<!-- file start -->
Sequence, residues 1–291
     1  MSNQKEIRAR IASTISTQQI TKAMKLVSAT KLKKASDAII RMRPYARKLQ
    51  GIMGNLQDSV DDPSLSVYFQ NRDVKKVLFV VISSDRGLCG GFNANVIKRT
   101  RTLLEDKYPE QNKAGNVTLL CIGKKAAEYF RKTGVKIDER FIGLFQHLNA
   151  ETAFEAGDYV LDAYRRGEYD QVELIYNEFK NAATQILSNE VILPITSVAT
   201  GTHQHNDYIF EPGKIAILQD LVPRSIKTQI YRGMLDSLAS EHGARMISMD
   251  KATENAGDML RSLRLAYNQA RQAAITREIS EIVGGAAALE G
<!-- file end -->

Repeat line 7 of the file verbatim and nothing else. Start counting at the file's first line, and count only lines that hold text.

   251  KATENAGDML RSLRLAYNQA RQAAITREIS EIVGGAAALE G